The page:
Age-by-Disease Biological Interactions: Implications for Late-Life Depression.

Age-by-disease biological interactions: implications for late-life depression.

Filed under: Depression Treatment

Front Genet. 2012; 3: 237
McKinney BC, Oh H, Sibille E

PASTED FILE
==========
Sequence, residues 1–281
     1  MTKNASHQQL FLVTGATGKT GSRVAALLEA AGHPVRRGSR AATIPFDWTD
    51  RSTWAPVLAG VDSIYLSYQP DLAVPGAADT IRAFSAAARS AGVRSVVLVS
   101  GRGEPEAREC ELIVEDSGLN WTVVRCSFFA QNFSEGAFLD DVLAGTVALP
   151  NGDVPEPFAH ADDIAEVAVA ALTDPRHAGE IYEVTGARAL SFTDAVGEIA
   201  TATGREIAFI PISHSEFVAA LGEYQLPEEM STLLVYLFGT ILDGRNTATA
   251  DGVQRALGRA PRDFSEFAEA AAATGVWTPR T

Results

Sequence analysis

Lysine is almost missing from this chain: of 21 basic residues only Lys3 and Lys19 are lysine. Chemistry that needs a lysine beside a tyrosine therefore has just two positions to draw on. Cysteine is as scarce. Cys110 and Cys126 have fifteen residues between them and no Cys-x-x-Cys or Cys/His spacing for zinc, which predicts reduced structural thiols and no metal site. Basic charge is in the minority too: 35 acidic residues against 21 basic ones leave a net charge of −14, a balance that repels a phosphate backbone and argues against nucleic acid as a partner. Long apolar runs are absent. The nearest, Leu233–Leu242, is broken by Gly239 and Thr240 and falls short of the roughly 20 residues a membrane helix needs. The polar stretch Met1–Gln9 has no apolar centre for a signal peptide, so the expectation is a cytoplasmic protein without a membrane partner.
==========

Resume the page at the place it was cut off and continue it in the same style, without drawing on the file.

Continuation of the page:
Onset of depressive symptoms after the age of 65, or late-life depression (LLD), is common and poses a significant burden on affected individuals, caretakers, and society. Evidence suggests a unique biological basis for LLD, but current hypotheses do not account for its pathophysiological complexity. Here we propose a novel etiological framework for LLD, the age-by-disease biological interaction hypothesis, based on the observations that the subset of genes that undergoes lifelong progressive changes in expression is restricted to a specific set of biological processes, and that a disproportionate number of these age-dependent genes have been previously and similarly implicated in neurodegenerative and neuropsychiatric disorders, including depression. The age-by-disease biological interaction hypothesis posits that age-dependent biological processes (i) are “pushed” in LLD-promoting directions by changes in gene expression naturally occurring during brain aging, which (ii) directly contribute to pathophysiological mechanisms of LLD, and (iii) that individual variability in rates of age-dependent changes determines risk or resiliency to develop age-related disorders, including LLD. We review observations supporting this hypothesis, including consistent and specific age-dependent changes in brain gene expression and their overlap with neuropsychiatric and neurodegenerative disease pathways. We then review preliminary reports supporting the genetic component of this hypothesis. Other potential biological mediators of age-dependent gene changes are proposed. We speculate that studies examining the relative contribution of these mechanisms to age-dependent changes and related disease mechanisms will not only provide critical information on the biology of normal aging of the human brain, but will inform our understanding of age-dependent diseases, in time fostering the development of new interventions for prevention and treatment of age-dependent diseases, including LLD.